Four ways stress can impact your eyesight – and what to do about it
Worried about your vision? Here are four ways stress can impact your eyesight – and what to do about it.
When your body experiences a surge in stress or anxiety, it sparks an instinct that is defined as ‘fight or flight mode’. Adrenaline-like hormones causes your heart rate to increase which, in turn, encourages your brain to direct more blood to your major organs.
This instinct was wired in us many, many thousands of years ago when we lived in frequent physical danger. However, in the 21stcentury the external factors that lead to stress have dramatically altered, and we can experience high levels of stress on a day to day basis – whether we’re in physical danger or not.
This daily stress can have a significant impact on our mental and physical health, including our sleeping patterns. A combination of stress and lack of sleep can also have a detrimental effect on our eyes.
And, while these effects may not be permanent, they can be incredibly painful and unpleasant. PureOptical explain how everyday life can affect your eyes, and suggests ways you can help to keep them healthy.
1) Your eyes can become sensitive to light
If your eyes are unusually sensitive to light, it can indicate that your body is experiencing high levels of stress. Originating from the body’s ‘Fight or Flight’ defence mechanism, your pupils dilate as a result of amplified hormone levels.
This dilation is designed to allow extra light into your eyes so you can identify possible threats fast. However, if you’re living with regular or chronic stress, the additional light can cause your eyes to strain, and make you uncomfortably susceptible to bright lights.
2) Lack of sleep can cause your vision to blur
It is not uncommon for high levels of stress to impact our sleep. And, not only does a lack of sleep impact our functionality, but it can also affect our eyes.
Studies have found that our eyes need at least five hours of sleep in order to function to their full potential. The neurological effects of a sleepless night can result in blurred vision. And in extreme cases, too little sleep can cause the blood vessels in your eye to burst due to strain.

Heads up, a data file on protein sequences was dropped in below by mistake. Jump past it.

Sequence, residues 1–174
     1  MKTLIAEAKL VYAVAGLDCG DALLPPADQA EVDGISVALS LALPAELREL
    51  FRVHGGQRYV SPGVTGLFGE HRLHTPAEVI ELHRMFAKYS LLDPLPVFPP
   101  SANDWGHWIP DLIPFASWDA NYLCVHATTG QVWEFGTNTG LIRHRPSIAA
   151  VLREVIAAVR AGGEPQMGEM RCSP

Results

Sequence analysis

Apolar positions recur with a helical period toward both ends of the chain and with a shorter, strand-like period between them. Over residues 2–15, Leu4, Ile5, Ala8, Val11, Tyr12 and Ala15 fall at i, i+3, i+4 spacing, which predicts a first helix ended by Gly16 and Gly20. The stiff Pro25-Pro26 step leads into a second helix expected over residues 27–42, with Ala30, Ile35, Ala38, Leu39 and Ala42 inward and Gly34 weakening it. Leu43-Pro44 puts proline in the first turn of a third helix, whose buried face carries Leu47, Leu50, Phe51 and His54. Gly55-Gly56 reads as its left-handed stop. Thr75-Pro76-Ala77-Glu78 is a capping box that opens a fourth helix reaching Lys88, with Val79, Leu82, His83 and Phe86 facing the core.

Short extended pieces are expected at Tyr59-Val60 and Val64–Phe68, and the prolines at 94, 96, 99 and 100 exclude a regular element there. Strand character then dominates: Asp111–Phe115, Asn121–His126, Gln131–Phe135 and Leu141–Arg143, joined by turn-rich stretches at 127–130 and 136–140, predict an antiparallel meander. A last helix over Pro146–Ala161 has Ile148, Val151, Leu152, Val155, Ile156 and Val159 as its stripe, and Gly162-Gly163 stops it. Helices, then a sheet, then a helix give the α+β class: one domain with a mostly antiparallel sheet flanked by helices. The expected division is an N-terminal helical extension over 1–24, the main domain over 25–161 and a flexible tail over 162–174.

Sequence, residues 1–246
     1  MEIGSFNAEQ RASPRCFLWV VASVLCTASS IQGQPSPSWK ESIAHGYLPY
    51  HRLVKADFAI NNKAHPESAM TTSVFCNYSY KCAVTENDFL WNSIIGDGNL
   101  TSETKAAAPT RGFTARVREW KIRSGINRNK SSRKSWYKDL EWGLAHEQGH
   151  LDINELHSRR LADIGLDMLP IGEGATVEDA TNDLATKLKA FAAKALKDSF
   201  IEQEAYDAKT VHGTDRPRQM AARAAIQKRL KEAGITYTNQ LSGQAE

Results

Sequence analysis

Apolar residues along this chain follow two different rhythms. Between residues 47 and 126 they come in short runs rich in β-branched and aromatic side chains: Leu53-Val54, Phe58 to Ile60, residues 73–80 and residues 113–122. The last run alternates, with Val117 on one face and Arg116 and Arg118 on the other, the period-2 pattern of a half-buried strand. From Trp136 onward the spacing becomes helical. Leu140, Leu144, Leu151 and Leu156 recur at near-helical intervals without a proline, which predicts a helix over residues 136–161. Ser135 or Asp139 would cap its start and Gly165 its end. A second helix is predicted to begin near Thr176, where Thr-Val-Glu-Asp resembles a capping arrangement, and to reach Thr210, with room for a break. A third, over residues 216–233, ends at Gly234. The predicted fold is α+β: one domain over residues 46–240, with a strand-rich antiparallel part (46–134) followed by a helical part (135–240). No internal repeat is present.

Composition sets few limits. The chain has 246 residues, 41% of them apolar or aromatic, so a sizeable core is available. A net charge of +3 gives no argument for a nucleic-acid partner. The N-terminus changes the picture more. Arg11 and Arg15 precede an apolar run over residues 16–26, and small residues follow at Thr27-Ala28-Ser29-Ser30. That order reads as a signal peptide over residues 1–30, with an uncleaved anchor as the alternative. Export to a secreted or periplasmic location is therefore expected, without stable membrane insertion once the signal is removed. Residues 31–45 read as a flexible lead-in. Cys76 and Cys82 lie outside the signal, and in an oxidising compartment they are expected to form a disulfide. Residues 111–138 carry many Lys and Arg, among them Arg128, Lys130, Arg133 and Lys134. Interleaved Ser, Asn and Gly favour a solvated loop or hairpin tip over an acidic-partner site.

3) You can get twitchy eyes
Myokymia is the name given to the involuntary twitching of the eye which is often caused by a lack of sleep. Some eye twitching can last anything from a matter of seconds up to several hours.
Temporary twitching of the eye is often nothing serious and the simplest way to solve it is to gain adequate sleep and stay away from caffeine.
4) Your eyes can become dry or watery
Your eyes are constantly lubricated in order avoid eye infections and encourage moisture. But when you are stressed, the eyes can become incredibly dry or very watery.
Stress has been linked to Central Serous Choroidopathy. Essentially, the condition causes fluid to build up in the retina which can then leak into the choroid. This can affect the part of the eye that sends sight to the brain.
Although no one knows what causes Central Serous Choroidopathy, studies have shown stress can play an instrumental factor in the condition. In severe cases, laser must be used however, many cases clear up on their own.
How to protect your eyesight from stress
In order to ensure that you have healthy eyes, make sure you eat a diet that includes foods that are high in Omega 3. Dark greens such as kale and spinach provides essential nutrients to your body too, including your eyes.
Try not to spend too long staring at a screen too. The average person spends most of their day using screens and, as much as we can attempt to monitor screen time, prolonged periods are inevitable.
So ensure that you take regular breaks to allow your eyes to have rest and refocus.
And finally, make sure you wear sunglasses when you’re outside. Don’t expose your eyes to sunlight unless they are protected. Sunlight can severely strain the eyes which can have a long-term impact on your eye health.
Photo by Tyler Nix